On Friday 6 July 2012, we convened a ‘Small Ruminant Value Chain Consultative Meeting’ in Ethiopia. Led by scientists from the International Center for Agricultural Research in the Dry Areas and the International Livestock Research Institute, we aimed to arrive at a common understanding of the goals, objectives and implementation approach of the program, discuss criteria for site selection and identify project implementation sites and identify potential partners and relevant research and development projects and their roles in the project.
The meeting followed from an earlier internal planning meeting that set out major milestones for the year.
The first item on the agenda was to discuss the shape and focus of the Program in Ethiopia. Participants tackled three general questions:
1. What are the benefits to be obtained from developing functional and sustainable sheep and goat value chains in Ethiopia?This question aimed to get at the heart of the reasons why this value chain – sheep and goats – is to be the focus of our effort. What can we expect to achieve? Among the points highlighted by participants: High and increasing local and international demand for sheep meat – so there are opportunities for the producers; small ruminant production is essentially pro-poor (including that it is accessible to women and disadvantaged groups, has low investment costs,has low feed needs and contributes to household nutrition); well-developed taste for Ethiopian sheep meat in foreign markets; supportive Government policies; well-developed leather industry that could be integrated with the meat industry; and Much space for better value addition and employment.
2. What are the most important challenges to address in developing functional and sustainable sheep and goat value chains in Ethiopia? This question aimed to tease out some of the constraints that we need to address through our research. Among the areas highlighted by participants: Lack of quality feed and other inputs; the great diversity in market channels, in terms of demands and product preferences; high kid and lamb mortality; issues around equity of benefit distributions – will the really poor really benefit; the poorest at poor do not often consume animal source foods; ensuring that value chain benefits are spread across the whole chain; improving linkages among value chain actors; deciding whether to focus on introducing improved exotic breeds versus local breed improvement; moving from ‘scavenging’ production systems towards more managed systems; high disease prevalence, however research and veterinary focus is mainly on diseases important to export markets and neglects diseases of smallholder small ruminants; and , more generally, drought and climate change.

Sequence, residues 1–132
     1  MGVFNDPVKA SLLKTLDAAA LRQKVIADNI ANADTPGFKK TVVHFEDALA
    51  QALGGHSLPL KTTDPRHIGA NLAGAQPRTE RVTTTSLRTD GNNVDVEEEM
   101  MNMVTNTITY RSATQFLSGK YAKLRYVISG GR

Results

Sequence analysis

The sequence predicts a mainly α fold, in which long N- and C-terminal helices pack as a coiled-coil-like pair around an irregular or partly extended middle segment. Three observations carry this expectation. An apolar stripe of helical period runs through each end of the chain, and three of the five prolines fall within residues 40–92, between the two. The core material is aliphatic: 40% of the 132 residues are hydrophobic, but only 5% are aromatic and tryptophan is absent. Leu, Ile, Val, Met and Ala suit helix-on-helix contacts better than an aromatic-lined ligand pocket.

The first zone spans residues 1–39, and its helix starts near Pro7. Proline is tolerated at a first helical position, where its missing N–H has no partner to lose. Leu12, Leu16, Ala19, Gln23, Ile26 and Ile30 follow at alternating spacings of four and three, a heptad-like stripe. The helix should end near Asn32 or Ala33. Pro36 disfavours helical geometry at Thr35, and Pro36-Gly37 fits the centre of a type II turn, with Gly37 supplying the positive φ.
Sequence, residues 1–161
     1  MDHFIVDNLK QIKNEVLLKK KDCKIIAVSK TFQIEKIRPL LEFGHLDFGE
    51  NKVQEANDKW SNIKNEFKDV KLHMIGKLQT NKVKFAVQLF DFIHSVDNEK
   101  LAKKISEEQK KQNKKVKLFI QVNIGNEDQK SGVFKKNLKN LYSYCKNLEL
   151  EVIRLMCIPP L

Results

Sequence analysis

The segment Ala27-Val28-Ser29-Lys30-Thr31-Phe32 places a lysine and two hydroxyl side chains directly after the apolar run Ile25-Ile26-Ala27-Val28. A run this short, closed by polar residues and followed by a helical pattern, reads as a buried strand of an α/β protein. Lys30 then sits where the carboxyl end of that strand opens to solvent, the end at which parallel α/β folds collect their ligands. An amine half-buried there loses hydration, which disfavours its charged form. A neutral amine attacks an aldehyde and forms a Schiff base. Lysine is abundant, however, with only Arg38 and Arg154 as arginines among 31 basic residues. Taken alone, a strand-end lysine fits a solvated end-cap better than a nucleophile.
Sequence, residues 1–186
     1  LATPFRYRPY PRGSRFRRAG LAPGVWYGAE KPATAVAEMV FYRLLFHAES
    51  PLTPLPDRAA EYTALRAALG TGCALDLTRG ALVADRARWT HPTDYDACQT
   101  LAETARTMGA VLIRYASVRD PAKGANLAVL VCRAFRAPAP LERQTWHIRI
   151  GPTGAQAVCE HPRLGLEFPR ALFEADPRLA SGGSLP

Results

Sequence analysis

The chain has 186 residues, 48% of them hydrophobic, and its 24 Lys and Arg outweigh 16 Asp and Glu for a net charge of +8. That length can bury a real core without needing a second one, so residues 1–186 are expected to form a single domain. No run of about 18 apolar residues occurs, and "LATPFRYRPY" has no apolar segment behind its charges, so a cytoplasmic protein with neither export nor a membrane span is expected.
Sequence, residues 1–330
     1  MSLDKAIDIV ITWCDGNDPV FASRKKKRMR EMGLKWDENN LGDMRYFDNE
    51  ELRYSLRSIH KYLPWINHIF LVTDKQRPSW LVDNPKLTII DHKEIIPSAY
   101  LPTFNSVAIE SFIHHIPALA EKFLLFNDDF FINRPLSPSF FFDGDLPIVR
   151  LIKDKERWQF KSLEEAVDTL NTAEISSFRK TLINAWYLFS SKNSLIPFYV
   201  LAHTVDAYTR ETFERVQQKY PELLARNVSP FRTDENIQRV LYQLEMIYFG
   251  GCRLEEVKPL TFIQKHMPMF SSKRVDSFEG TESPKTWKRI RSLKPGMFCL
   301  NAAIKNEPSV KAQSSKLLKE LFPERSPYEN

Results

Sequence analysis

3. What should be the main components of our research and development approach in developing functional and sustainable sheep and goat value chains in Ethiopia? The main focus here was on the ways in which the research should be carried out. Among the points raised by participants: Adoption of participatory approaches, including with the private sector; An impact orientation; proper monitoring and evaluation; seeking synergies with Government and other actors; demand driven, producing global public goods; pro-poor in focus; implemented in partnership with other actors; and with a commitment to openness, transparency and excellent communication.
The rest of the meeting mainly focused on the issue of site selection – where should the Program focus it efforts? And what criteria should be used to set priorities?
As in other countries, discussions were kicked off by a series of GIS maps of Ethiopia that brought together data on, initially, representative agro-ecological conditions, incidence of poverty, sheep and goat densities, and quality of market access.
To these, participants discussed a number of additional ‘soft’ criteria that could also be taken account of, including: Synergies with past and ongoing research, congruence with government priority areas, potential for success, links with research center locations, market potential, well-known supply areas, proximity to Addis Ababa, numbers of animals per household, and the importance of sheep and goats to household livelihoods.
Using this mix of ‘hard’ and ‘soft’ criteria, participants identified a long short list of potential districts where the Program could concentrate. This useful first listing will now be further assessed and data compiled to allow a decision on 4-6 sites to be made in September 2012.